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Sunday, May 19, 2019


Mata Hara, an international woman of intrigue, an entertainer/dancer, courtesan, and alleged double agent spy, is posed in her late twenties in Paris.
A New Delhi based critic writing a review of Paulo Coehlo’s 2016 novel “The Spy” mentions a brief encounter in Coelho's narrative between Mata Hari, Pablo Picasso and Amadeo Modigliani sometime in the teen years of the 20th century.

Photograph (above) was taken on a sunny summer afternoon in Paris,  Amadeo Modigliani, left, with Pablo Picasso, along Avenue Montparnasse most likely near Le Dome restaurant and CafĂ© de la Rotonde on Saturday, August 12, 1916, one of a series of photos taken one afternoon by artist filmmaker Jean Cocteau.
Here’s what the critic wrote:

“...Mata Hari, in her exotic dance, removes her clothes one by one and in the process, she realizes that she is absolutely comfortable with her body. She is now the much written about cultural personality of Paris and everyone wants to be with her and of course to sleep with her. In one of the episodes, we also see how a young artist of that time namely, Pablo Picasso trying to flirt with her and as she understands, to ‘bed’ her. But she likes an Italian artist present there, Modigliani and he treats her with due dignity...”

Here is what Coehlo wrote of the same encounter:

“This is Pablo Picasso, the artist I was telling you about.” [Mata Hari’s words in a letter written to her lawyer in the days leading up to her execution, October 15, 1917]. 
         [She continues]: From the moment we were introduced, Picasso forgot about the rest of the guests and spent the entire evening trying to strike up a conversation with me.  He spoke of my beauty, asked me to pose for him, and said I needed to go with him to Malaga if only to get a week away from the madness of Paris.  He had one objective, and he didn’t need to tell me what it was: to get me into his bed.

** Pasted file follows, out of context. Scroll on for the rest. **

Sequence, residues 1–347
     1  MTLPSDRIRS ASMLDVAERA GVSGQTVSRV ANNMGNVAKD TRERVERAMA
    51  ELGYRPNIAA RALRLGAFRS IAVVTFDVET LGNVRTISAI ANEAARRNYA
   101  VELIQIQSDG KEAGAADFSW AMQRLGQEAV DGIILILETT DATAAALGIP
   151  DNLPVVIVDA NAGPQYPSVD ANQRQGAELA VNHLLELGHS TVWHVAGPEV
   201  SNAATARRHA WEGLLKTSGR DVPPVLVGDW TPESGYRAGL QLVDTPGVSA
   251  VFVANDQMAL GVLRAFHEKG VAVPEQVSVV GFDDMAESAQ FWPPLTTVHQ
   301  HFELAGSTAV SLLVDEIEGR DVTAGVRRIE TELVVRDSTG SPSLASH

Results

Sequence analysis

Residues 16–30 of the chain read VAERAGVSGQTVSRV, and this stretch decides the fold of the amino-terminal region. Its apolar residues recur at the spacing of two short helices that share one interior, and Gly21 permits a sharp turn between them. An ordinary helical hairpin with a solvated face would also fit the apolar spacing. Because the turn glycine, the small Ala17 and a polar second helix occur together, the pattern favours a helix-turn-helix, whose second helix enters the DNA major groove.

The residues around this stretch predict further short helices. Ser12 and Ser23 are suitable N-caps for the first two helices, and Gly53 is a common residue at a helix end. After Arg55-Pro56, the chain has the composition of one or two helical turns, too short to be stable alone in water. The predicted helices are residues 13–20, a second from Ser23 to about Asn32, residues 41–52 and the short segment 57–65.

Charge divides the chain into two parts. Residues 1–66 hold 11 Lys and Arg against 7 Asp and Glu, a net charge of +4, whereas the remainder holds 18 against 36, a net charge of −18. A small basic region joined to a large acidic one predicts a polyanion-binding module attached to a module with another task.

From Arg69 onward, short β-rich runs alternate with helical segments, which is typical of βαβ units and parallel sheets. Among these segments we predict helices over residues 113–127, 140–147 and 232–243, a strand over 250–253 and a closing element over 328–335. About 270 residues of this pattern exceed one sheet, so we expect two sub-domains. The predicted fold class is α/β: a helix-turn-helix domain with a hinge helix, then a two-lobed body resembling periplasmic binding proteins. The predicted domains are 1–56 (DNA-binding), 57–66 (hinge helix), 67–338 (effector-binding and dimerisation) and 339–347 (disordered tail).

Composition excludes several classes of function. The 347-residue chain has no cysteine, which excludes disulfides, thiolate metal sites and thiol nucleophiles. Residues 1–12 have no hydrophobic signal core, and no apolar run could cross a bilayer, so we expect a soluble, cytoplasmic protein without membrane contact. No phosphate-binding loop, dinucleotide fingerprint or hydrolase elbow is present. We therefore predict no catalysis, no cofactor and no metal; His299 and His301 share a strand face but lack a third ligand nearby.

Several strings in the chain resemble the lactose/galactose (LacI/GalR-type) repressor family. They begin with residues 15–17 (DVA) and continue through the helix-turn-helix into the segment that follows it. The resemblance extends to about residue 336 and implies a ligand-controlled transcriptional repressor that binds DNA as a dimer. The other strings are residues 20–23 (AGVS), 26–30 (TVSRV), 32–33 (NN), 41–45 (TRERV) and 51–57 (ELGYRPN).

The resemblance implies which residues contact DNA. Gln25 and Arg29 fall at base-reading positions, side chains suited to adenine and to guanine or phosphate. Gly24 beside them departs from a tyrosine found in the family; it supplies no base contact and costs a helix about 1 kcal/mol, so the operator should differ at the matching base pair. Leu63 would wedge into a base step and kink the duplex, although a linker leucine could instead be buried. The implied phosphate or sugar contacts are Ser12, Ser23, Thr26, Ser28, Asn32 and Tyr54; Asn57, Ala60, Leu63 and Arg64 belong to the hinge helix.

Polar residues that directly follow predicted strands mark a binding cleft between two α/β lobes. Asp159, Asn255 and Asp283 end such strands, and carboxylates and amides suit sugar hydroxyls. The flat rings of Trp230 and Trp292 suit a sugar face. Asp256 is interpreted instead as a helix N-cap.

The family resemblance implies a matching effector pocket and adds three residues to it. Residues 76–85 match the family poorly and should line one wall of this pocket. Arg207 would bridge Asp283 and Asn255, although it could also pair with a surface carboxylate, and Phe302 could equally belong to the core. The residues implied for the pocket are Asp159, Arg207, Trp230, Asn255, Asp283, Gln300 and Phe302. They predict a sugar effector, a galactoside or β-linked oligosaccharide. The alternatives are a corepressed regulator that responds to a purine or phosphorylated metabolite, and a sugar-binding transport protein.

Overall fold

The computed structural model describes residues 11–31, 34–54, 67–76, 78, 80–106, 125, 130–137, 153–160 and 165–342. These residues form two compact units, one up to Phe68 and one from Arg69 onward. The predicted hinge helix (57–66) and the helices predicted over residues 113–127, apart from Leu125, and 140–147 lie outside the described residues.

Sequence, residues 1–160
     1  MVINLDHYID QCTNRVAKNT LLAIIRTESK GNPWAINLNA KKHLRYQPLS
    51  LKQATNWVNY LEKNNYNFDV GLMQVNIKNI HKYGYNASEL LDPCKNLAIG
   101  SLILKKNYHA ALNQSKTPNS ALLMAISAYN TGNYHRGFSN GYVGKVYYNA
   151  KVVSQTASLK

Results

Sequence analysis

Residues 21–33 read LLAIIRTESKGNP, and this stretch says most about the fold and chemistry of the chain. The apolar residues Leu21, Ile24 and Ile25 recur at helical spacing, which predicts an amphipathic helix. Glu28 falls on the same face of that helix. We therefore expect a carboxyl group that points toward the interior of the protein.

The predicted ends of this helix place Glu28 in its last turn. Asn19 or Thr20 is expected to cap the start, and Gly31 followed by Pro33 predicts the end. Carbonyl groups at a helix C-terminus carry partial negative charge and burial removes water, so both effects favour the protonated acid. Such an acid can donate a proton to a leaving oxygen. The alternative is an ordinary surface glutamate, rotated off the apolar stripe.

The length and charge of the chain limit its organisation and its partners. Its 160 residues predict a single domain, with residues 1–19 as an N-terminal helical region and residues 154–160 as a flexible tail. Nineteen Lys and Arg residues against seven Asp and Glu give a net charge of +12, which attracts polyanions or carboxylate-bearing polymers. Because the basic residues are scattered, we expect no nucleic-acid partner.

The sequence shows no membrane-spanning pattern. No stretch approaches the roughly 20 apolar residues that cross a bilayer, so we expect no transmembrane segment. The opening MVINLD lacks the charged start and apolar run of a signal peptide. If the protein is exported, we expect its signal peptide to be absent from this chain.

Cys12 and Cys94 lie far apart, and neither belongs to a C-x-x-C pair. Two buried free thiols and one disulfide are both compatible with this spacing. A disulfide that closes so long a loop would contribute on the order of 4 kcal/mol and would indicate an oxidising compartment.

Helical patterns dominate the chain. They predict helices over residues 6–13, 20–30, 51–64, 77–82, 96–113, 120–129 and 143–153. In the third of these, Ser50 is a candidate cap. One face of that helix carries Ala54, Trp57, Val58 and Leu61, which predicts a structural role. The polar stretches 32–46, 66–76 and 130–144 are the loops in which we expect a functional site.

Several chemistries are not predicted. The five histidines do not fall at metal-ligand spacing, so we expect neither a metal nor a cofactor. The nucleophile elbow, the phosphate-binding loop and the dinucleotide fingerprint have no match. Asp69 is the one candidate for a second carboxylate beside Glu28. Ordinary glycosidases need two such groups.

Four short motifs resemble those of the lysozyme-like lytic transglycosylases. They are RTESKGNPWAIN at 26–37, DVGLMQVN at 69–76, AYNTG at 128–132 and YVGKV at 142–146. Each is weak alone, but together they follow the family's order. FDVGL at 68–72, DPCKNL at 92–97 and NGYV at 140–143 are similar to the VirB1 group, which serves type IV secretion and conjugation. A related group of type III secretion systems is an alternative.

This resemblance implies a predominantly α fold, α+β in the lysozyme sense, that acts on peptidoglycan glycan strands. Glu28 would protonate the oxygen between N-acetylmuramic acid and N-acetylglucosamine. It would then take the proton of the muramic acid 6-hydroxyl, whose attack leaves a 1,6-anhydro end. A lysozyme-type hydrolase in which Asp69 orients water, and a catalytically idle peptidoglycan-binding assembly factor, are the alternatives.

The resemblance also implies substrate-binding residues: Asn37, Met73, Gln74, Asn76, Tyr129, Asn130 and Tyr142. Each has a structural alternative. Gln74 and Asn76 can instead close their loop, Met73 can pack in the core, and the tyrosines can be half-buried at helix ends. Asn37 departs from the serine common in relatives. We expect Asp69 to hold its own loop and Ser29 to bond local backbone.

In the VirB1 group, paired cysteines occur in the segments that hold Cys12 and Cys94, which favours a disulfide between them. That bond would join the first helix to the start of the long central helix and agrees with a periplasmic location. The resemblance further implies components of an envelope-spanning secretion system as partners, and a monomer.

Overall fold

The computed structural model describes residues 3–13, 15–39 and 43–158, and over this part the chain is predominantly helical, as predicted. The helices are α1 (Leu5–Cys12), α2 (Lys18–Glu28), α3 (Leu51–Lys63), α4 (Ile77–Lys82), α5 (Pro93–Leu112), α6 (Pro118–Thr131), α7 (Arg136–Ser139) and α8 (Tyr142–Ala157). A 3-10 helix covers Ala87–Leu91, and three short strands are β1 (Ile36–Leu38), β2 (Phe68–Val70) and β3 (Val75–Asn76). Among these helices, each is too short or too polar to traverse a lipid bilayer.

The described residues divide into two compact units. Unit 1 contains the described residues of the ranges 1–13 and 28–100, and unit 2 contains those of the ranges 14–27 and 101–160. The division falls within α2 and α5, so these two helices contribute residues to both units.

I was extremely embarrassed by that ugly, wide-eyed, impolite man who fancied himself the greatest of the greats.  His friends were much more interesting, including an Italian man, Amedeo Modigliani, who seemed more noble, more elegant, and who at no point tried to force any conversation.  Every time Pablo finished one of his interminable and incomprehensible lectures about revolutions taking place in art, I turned to Modigliani.  That seemed to infuriate Picasso.

“What do you do?” I asked Amadeo [they conversed about sacred dances].
Picasso interrupted the conversation the whole time with his theories, but Amadeo, elegant and polite, knew to wait his turn and return to the subject.

“Can I give you some advice?” he asked when the dinner was drawing to a close and everyone was preparing to go to Picasso’s studio.  I nodded yes.
“Know what you want and try to go beyond your own expectations.  Improve your dancing, practice a lot, and set a very high goal, one that would be difficult to achieve.  Because that is an artist’s mission: to go beyond one’s limits.  An artist who desires very little and achieves it has failed in life.”

I never ran into Pablo or Amedeo again.


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